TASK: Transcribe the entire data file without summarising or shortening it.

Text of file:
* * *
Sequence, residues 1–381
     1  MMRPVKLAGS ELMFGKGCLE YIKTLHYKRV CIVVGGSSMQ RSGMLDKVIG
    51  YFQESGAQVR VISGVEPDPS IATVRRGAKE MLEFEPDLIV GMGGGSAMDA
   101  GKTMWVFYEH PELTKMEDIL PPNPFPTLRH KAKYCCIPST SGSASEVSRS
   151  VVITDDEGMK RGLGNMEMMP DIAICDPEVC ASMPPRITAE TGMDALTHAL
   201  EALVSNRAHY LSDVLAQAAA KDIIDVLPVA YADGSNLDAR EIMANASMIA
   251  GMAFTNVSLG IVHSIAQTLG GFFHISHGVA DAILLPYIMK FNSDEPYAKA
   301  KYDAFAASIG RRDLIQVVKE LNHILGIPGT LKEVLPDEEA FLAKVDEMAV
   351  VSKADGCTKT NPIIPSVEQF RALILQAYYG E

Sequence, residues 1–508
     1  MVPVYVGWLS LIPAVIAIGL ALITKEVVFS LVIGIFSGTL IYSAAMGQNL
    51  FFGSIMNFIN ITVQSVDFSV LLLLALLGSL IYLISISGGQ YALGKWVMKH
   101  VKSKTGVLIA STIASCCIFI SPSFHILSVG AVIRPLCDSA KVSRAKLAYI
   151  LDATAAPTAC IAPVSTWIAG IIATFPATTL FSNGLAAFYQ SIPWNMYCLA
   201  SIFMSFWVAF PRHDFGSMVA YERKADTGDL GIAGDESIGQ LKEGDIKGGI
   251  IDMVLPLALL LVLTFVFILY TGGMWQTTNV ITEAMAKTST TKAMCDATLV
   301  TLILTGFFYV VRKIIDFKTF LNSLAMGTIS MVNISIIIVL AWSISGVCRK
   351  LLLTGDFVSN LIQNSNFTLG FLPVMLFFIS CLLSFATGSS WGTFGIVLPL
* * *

Sequence, residues 1–381
     1  MMRPVKLAGS ELMFGKGCLE YIKTLHYKRV CIVVGGSSMQ RSGMLDKVIG
    51  YFQESGAQVR VISGVEPDPS IATVRRGAKE MLEFEPDLIV GMGGGSAMDA
   101  GKTMWVFYEH PELTKMEDIL PPNPFPTLRH KAKYCCIPST SGSASEVSRS
   151  VVITDDEGMK RGLGNMEMMP DIAICDPEVC ASMPPRITAE TGMDALTHAL
   201  EALVSNRAHY LSDVLAQAAA KDIIDVLPVA YADGSNLDAR EIMANASMIA
   251  GMAFTNVSLG IVHSIAQTLG GFFHISHGVA DAILLPYIMK FNSDEPYAKA
   301  KYDAFAASIG RRDLIQVVKE LNHILGIPGT LKEVLPDEEA FLAKVDEMAV
   351  VSKADGCTKT NPIIPSVEQF RALILQAYYG E

Sequence, residues 1–508
     1  MVPVYVGWLS LIPAVIAIGL ALITKEVVFS LVIGIFSGTL IYSAAMGQNL
    51  FFGSIMNFIN ITVQSVDFSV LLLLALLGSL IYLISISGGQ YALGKWVMKH
   101  VKSKTGVLIA STIASCCIFI SPSFHILSVG AVIRPLCDSA KVSRAKLAYI
   151  LDATAAPTAC IAPVSTWIAG IIATFPATTL FSNGLAAFYQ SIPWNMYCLA
   201  SIFMSFWVAF PRHDFGSMVA YERKADTGDL GIAGDESIGQ LKEGDIKGGI
   251  IDMVLPLALL LVLTFVFILY TGGMWQTTNV ITEAMAKTST TKAMCDATLV
   301  TLILTGFFYV VRKIIDFKTF LNSLAMGTIS MVNISIIIVL AWSISGVCRK
   351  LLLTGDFVSN LIQNSNFTLG FLPVMLFFIS CLLSFATGSS WGTFGIVLPL